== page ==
This Is the ‘GrayKey 2.0,’ the Tool Cops Use to Hack Phones

Grayshift filed a series of documents with the FCC that reveal the looks of the new cellphone unlocking device.
A GrayKey phone-unlocking device.
Image: FCC
Screen Shot 2021-02-24 at 3
Hacking. Disinformation. Surveillance. CYBER is Motherboard's podcast and reporting on the dark underbelly of the internet.

For years, a company that sells a box that helps cops unlock iPhones and Android phones has kept its technology secret, aggressively shielding details of how its software and hardware work, and even what it looks like, from the public.

But thanks to the fact that the company, which is called Grayshift, has to file documents with the FCC, we now can see the company’s new GrayKey device. 

Advertisement

The documents were first spotted by Logan Koepke, the project director at Upturn, a nonprofit that does research and advocacy at the intersection of civil rights and technology. Koepke posted a link to the FCC filing on Twitter on Thursday.

Do you work at Grayshift? Or are you one of its customers? We'd love to hear from you. Using a non-work phone or computer, you can contact Lorenzo Franceschi-Bicchierai securely on Signal at +1 917 257 1382, Wickr/Telegram/Wire @lorenzofb, or email lorenzofb@vice.com

The documents include several pictures as well as a description of the process the company undertakes before every sale. 

“GrayKey is a specialized product that is only available for use by verified law enforcement or government agencies; and it is not made available for use by the general public. For every account request from a potential customer, Grayshift undertakes a rigorous, risk-averse validation process to confirm that each originated from a valid law enforcement agency located in a supported country,” Grayshift’s chief financial officer, Mark Snell, wrote in one of the documents submitted to the FCC.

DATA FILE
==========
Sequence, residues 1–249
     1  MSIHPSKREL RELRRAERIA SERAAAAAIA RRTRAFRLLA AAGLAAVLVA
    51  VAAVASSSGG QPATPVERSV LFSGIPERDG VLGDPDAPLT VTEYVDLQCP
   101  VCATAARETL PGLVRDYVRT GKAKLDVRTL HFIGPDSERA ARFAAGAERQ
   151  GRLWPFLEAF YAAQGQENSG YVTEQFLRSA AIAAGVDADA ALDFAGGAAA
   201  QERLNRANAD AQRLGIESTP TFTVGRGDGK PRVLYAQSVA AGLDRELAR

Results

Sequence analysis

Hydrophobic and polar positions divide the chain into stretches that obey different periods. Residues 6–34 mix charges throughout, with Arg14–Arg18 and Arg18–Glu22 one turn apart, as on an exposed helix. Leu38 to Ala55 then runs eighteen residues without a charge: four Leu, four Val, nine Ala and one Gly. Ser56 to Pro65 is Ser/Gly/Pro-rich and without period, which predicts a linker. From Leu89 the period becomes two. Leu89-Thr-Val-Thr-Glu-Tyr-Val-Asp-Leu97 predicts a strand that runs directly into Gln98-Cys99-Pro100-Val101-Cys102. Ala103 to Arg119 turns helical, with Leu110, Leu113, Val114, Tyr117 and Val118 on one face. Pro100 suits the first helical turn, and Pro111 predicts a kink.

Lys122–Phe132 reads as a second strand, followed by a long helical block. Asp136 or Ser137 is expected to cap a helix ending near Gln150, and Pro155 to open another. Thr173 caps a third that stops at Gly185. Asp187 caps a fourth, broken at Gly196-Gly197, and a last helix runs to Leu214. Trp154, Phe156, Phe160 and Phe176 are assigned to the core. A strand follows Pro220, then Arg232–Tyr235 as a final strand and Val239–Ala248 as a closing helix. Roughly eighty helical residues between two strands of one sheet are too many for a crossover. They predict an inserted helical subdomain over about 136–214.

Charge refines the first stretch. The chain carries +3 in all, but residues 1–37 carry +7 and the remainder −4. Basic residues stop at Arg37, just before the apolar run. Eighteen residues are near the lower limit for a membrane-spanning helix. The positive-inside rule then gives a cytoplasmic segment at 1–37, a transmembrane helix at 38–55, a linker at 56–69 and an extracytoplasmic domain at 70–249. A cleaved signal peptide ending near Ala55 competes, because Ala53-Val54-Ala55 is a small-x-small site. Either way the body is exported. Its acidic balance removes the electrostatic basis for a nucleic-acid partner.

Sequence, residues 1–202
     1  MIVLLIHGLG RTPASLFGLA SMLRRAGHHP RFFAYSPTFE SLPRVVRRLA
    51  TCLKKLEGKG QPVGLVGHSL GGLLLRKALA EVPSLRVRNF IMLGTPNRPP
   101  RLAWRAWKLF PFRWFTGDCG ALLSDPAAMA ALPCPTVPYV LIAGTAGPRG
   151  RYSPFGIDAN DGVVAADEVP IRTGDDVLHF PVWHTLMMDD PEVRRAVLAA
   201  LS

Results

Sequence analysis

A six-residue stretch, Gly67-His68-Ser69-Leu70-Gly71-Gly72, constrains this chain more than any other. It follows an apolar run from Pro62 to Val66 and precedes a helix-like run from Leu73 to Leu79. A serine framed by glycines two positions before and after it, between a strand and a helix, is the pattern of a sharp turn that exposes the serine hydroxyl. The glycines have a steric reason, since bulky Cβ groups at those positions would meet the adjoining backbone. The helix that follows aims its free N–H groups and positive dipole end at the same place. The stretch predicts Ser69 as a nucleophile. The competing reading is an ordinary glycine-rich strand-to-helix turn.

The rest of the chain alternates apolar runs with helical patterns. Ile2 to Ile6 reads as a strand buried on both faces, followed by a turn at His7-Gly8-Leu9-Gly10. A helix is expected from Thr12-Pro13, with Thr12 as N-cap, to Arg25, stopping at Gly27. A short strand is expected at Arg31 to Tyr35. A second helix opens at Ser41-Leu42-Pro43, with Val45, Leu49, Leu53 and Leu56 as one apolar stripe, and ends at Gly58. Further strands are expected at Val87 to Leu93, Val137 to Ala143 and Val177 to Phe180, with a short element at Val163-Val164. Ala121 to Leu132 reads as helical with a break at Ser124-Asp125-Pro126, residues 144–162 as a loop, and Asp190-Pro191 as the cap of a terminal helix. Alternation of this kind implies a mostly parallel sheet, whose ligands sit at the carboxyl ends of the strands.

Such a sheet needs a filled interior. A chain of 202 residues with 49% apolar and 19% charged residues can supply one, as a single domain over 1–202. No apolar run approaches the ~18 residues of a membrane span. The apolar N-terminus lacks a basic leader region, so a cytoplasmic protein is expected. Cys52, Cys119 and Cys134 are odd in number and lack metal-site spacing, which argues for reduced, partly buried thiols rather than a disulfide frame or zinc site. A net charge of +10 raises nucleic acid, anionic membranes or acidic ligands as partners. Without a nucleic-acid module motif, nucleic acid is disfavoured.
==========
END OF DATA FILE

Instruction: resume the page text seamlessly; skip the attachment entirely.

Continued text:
Advertisement
Screen Shot 2022-09-30 at 9.50.53 AM.png

A photo of the back of the GrayKey 2.0 device.

In 2014, Apple turned on encryption for virtually all data stored inside the iPhone, making it very hard to get unless whoever is trying to access it knows the PIN or passcode that’s used to unlock the phone. Since then, forensics companies such as Grayshift and Cellebrite have had to up their game and come up with new technologies and solutions to help law enforcement agents unlock iPhones and access data that could be useful for an investigation. 

In essence, while it’s unclear exactly how it achieves it, GrayKey bruteforces the iPhone or Android phone’s passcode and unlocks it—essentially hacking the phone—allowing customers to access and extract data from the phones. 

Pictures of the first version of GrayKey leaked to the public in 2020, also thanks to documents filed with the FCC.

Motherboard has previously reported that the State Department, the Drug Enforcement Administration, local police, and even a police charity have either purchased Grayshift’s technology or have shown interest in doing so.  

Grayshift did not immediately respond to a request for comment.  

Sign up for Motherboard’s daily newsletter for a regular dose of our original reporting, plus behind-the-scenes content about our biggest stories.